Steinbach MLA and Education Minister Kelvin Goertzen announced that the Manitoba government has released a planning framework for the resumption of in-class learning, with teachers and staff returning to classrooms on Sept. 2 and students on Sept. 8.
“We are planning to have all students, from kindergarten to Grade 12, back in classrooms in September. While we can’t be sure what the COVID-19 pandemic will look like in the fall, detailed planning is needed to ensure schools can resume in-class learning and to prepare for different scenarios,” said Goertzen. “This framework will allow schools and school divisions to prepare plans that are flexible at the local level, yet consistent with those at other sites across the province.”
The framework provides guidance for school divisions to develop detailed reopening plans to be submitted to Manitoba Education for three public health scenarios including:
- in-class learning with near-normal conditions;
- in-class learning, taking additional public health measures into consideration; and
- remote learning from home, with limited use of school facilities.
The minister noted that while the plan is for all students to return to classroom learning in the fall, Manitoba Education will provide final confirmation by Aug. 1 based on public health directions.
Significant consultation with students, parents, teachers and education stakeholders occurred over the past month to gauge their comfort, with tens of thousands of Manitobans providing feedback.
Divisions will ensure all schools have plans that are accessible to parents and students. Funded independent schools will also be asked to submit plans and post them publicly.
“Public health officials expect the COVID-19 virus to be around for some time and that’s why schools need to develop plans for the fall,” said Dr. Brent Roussin, Manitoba’s chief provincial public health officer. “In addition to these plans, it will continue to be important for people to stay home if they are sick, ensure physical distancing, continue to practise good hand hygiene and cover coughs.”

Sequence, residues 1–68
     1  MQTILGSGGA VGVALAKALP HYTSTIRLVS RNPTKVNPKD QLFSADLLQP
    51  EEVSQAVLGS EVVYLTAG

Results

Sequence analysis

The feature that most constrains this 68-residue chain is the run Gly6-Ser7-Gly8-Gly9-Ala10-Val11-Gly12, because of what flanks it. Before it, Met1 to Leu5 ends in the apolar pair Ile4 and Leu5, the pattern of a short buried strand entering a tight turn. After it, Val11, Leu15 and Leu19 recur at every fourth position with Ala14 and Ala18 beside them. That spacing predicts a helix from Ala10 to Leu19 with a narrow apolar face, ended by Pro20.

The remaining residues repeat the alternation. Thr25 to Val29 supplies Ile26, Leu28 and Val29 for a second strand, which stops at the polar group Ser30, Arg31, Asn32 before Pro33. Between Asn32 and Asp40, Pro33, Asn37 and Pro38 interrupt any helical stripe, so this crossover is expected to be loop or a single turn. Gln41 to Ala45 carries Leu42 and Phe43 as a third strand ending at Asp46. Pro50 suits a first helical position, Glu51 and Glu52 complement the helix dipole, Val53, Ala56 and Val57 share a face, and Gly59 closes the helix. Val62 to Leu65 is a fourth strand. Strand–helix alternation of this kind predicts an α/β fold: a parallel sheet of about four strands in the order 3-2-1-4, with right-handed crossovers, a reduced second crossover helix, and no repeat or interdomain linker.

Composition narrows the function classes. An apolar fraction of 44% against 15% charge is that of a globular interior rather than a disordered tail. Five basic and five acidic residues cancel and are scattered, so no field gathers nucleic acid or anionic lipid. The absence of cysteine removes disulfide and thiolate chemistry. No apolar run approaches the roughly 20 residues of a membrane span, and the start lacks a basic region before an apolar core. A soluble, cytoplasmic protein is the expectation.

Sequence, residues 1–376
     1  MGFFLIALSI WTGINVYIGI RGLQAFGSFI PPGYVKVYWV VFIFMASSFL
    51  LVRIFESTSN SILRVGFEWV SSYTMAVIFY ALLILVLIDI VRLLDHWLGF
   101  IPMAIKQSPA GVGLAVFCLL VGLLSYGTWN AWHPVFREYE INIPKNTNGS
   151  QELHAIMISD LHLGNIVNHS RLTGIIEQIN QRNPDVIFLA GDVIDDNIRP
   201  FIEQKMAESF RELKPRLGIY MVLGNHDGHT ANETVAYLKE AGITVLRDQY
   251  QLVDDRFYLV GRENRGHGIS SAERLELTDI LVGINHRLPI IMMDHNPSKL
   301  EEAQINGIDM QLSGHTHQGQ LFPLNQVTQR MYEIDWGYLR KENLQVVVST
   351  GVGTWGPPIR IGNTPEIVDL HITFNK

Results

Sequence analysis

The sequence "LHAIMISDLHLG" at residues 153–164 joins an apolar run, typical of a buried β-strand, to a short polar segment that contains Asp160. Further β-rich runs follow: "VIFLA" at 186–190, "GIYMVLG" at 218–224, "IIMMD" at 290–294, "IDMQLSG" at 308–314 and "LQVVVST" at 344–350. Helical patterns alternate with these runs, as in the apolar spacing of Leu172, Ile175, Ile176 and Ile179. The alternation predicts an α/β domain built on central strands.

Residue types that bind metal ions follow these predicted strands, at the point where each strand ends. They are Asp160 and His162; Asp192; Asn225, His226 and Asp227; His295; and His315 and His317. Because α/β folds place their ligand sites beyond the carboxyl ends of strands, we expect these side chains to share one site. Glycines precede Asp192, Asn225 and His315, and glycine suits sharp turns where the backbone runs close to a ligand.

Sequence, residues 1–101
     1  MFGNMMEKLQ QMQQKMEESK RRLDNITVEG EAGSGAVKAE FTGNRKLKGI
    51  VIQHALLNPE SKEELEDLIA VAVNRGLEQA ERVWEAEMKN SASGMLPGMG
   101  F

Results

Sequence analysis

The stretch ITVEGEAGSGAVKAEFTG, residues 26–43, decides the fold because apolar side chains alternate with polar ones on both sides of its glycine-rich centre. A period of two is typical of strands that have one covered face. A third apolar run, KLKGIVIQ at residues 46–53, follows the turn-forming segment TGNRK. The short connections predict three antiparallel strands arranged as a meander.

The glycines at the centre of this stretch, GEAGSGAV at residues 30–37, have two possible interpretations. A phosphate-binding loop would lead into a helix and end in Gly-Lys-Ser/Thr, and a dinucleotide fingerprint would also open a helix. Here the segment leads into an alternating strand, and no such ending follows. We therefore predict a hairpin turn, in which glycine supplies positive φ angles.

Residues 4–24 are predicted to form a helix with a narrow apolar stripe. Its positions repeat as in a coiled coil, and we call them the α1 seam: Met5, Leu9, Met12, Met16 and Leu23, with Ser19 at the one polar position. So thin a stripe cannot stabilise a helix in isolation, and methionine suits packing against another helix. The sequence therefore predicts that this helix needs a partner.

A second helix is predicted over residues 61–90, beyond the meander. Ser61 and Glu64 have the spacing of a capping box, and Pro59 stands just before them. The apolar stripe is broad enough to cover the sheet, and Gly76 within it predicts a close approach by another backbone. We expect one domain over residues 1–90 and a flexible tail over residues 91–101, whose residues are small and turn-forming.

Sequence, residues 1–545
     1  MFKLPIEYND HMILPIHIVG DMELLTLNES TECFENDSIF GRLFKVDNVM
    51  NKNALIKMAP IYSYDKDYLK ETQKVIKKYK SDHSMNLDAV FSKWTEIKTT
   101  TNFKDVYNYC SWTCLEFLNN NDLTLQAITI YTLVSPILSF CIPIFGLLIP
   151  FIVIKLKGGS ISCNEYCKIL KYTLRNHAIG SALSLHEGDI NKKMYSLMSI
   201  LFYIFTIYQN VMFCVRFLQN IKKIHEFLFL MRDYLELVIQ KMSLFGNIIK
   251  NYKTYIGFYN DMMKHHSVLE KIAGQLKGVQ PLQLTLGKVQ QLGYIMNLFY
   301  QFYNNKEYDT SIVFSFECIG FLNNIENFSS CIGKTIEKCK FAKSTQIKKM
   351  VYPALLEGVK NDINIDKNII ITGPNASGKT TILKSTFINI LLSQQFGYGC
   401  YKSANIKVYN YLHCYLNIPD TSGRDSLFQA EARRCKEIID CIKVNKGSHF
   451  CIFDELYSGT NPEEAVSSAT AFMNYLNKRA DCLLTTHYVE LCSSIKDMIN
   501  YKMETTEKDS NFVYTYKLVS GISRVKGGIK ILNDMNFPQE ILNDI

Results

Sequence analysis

The framework also outlines key considerations that should be addressed in the school and division plans including:
- ensuring schools can respond and adapt to changing public health orders and guidance;
- making sure any necessary physical distancing requirements can be met;
- considering the use of cohorts in classrooms, on buses and during activities to limit exposure to COVID-19;
- planning with a focus on in-class learning and establishing priorities;
- looking at ways to accommodate specialty programming and extracurricular activities;
- considering how school transportation can be safely offered;
- looking at blended learning options that can be implemented quickly;
- making arrangements for students, teachers and staff who may be at higher risk of COVID-19; and
- considering learning and assessment needs, as well as any educational gaps for students as a result of the pandemic.
“Students, parents, teachers, staff and administrators have had to make many adjustments in a very short period of time, and I thank everyone who has worked hard to find solutions to keep everyone safe during the pandemic,” said Goertzen. “By taking the time to develop thorough plans, we can continue to protect the health and well-being of our school communities while ensuring that students have the opportunity to learn and develop their skills.”